Abstract: My Boss Rocks: Exceptionalism in the Dot-Com Workplace

Dalit Baranoff and David Kirsch

Abstract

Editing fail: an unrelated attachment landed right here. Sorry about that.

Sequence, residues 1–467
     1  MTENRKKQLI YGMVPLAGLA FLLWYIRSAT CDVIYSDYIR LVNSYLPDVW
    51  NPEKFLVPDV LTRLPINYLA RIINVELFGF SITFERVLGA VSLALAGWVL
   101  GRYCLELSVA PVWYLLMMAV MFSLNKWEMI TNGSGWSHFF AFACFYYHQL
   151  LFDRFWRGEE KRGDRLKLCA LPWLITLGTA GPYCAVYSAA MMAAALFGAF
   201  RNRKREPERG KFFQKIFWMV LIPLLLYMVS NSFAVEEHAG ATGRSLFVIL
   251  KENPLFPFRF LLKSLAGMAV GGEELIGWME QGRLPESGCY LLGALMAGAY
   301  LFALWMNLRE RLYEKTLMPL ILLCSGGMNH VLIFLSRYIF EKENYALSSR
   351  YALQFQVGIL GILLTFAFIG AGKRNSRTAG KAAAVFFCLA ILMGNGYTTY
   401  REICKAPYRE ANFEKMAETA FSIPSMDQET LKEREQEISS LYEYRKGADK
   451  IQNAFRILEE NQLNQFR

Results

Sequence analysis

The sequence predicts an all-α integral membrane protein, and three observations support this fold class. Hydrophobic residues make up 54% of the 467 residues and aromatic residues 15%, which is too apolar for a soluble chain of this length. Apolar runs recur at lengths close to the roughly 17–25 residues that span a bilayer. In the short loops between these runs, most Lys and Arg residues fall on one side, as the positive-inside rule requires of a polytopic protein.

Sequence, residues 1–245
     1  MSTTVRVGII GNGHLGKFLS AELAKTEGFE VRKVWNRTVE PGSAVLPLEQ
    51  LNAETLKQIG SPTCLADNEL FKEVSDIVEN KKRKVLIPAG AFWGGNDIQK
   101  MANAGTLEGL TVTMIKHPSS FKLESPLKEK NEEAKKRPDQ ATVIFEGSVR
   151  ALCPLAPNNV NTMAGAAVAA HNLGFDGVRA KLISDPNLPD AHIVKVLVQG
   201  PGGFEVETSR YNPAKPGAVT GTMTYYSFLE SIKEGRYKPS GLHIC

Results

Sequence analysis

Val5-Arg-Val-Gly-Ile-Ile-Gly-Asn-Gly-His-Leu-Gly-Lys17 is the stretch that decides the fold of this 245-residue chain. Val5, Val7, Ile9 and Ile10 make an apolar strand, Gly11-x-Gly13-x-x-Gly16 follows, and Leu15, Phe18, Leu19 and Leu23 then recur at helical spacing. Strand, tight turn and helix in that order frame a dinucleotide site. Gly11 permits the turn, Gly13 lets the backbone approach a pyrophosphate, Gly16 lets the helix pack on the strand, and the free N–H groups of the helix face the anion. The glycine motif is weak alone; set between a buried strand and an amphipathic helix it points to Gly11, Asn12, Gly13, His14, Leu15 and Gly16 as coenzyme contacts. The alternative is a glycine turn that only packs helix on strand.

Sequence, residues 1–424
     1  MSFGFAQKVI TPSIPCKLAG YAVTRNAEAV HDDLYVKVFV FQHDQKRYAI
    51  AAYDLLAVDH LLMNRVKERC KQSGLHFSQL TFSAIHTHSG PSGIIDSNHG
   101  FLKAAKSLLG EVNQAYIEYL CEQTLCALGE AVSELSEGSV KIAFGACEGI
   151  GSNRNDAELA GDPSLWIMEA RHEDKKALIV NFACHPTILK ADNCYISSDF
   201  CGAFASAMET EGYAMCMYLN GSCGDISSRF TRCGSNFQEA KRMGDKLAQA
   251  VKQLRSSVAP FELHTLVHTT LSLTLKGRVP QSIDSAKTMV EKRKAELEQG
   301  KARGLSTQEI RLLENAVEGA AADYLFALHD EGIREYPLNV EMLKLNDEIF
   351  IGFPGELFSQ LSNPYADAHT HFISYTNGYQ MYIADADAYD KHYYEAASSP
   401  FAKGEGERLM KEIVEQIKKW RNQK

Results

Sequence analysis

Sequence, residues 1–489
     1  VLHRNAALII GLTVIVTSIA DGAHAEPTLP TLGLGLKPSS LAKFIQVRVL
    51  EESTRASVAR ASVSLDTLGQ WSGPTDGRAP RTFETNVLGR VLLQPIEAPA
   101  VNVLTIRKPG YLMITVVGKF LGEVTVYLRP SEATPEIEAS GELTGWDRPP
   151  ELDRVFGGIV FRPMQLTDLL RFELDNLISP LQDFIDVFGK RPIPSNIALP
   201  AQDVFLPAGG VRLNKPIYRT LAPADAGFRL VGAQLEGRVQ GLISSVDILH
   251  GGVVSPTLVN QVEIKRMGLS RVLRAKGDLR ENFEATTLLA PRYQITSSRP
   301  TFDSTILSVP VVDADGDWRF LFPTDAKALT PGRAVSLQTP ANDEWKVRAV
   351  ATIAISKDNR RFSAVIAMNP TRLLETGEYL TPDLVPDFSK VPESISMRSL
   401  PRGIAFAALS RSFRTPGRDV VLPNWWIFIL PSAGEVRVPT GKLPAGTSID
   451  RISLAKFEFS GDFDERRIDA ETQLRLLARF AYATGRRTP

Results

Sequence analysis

What was it like to work in a dot-com firm during the boom years of the late 1990s through early 2000? Did everyone really believe that their stock options would make them millionaires before they turned 30? Did they all take their dogs to work at their hip, open-floor-plan offices with foosball tables? The Dot-Com Workers Survey (developed by the authors) collects workers' own accounts through an on-line oral history survey in order to create a fuller picture of the dot-com workplace. Our initial findings lead us to believe that dot-coms were exceptional workplaces, but not necessarily for the reasons that contemporary observers thought. Former employees describe exciting, dynamic work environments, where money, perks, and stock options were only a part of the appeal. At least as important were their relationships with fellow employees, their feelings of autonomy within the work environment, and their sense that they were doing something new and exciting and making a difference—despite working at companies that, by the workers' own retrospective accounts, often suffered from poor strategy and bad management.